Getting Over Hurdles In Life

It may sound like an odd way to begin, but visualize a roller coaster at a theme park. It starts off level with the ground, then goes through some ups and downs, there’s twists and turns and possibly one or two huge climbs followed by plummeting falls and eventually it all levels out and you get off. Some are excited to repeat the ride, others look a little worse for wear. Most have hearts pounding after the exhilaration of the ride, some have to fix their hair, and a few are ill; vowing never to go through that again!

I asked you to visualize a roller coaster, not Life, but the parallels are just about as real as the tracks on that coaster.

Most of us perhaps would be happy to sit beside our children or grandchildren on the coaster in kiddie land that goes around in an oval with smooth rises and smooth rolling downs. There’s happiness on the faces of the children, they love the ride and it’s so calm we can carry on a conversation with them and enjoy the experience.

That adult coaster though? It’s death-defying drops, blood-curdling screams as gravity is stripped away and white-knuckled terror; not for the faint of heart.

Where the roller coaster image fails to imitate Life however is that we all stand and size up the coaster. We get to watch it from the ground, then make a decision to ride it or not, we know what’s coming and we voluntarily participate having made a choice to undergo it. While exciting, terrible or utterly fantastic, it only lasts minutes and then we’re back to where we started. It’s over. It’s done. We move on.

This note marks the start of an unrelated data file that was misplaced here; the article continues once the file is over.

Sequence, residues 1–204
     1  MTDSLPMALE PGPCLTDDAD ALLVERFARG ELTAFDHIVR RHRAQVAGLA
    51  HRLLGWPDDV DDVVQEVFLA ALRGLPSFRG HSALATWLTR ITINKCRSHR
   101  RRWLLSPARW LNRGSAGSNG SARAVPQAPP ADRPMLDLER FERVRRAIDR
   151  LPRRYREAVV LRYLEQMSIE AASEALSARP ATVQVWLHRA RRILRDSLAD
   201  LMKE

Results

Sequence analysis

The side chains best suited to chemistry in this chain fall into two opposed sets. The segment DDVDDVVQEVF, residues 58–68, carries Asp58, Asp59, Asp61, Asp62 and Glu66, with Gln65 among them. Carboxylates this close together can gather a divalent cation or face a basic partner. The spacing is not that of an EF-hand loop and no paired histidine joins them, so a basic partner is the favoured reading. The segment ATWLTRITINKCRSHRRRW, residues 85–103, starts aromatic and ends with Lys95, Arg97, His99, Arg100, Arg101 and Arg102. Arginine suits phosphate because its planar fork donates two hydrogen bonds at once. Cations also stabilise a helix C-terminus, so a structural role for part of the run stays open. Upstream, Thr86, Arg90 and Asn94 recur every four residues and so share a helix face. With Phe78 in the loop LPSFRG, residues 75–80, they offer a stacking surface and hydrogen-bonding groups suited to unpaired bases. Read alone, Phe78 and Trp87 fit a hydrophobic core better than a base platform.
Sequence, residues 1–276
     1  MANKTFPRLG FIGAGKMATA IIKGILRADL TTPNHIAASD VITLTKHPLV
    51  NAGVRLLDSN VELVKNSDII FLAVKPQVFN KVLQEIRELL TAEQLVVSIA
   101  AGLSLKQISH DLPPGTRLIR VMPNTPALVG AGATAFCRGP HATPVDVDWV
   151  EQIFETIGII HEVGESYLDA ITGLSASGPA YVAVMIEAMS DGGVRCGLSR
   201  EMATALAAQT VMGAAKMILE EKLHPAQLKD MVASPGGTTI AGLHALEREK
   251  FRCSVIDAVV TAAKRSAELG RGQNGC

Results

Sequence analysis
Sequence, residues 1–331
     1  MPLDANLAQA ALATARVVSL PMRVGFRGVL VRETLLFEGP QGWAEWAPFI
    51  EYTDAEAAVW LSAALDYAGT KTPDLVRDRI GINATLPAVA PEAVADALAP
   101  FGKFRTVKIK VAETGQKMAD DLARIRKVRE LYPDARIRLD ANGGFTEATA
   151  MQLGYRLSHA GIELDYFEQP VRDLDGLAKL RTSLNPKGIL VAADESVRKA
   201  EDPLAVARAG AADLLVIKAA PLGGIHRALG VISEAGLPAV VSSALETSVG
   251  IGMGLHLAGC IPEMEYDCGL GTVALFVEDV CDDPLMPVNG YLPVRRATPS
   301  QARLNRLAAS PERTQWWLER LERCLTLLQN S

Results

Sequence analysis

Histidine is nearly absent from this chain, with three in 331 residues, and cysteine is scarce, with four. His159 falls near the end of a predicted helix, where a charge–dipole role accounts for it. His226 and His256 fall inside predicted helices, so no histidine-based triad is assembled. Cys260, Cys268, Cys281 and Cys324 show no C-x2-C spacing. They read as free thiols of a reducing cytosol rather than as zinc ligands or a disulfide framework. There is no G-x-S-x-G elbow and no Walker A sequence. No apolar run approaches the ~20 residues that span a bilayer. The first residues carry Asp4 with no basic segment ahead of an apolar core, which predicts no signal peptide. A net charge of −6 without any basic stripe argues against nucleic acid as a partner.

Life on the other hand, that’s different. We do our best to map out where we’re going based on all the information we can gather. Whether it’s a road trip, choosing a career, getting into a relationship, or making a major purchase, we do our best to plan our moves and take positive steps forward. We build up momentum when we have some small successes and we have obstacles to overcome which, for the most part, we do so using our past experiences; taking advice from our peers and drawing on our skills.

But as is the case for many; perhaps everyone at some point, along comes some major hill to climb; a crisis. Unlike the coaster, we didn’t anticipate this; we can’t stand back and see how it’s going to end up, we can’t see all the twists and turns ahead of us and no, we don’t know it’s going to all end up with us safe. Most of all, we don’t know how long we’re going to be on this, ‘ride’ we didn’t sign up for.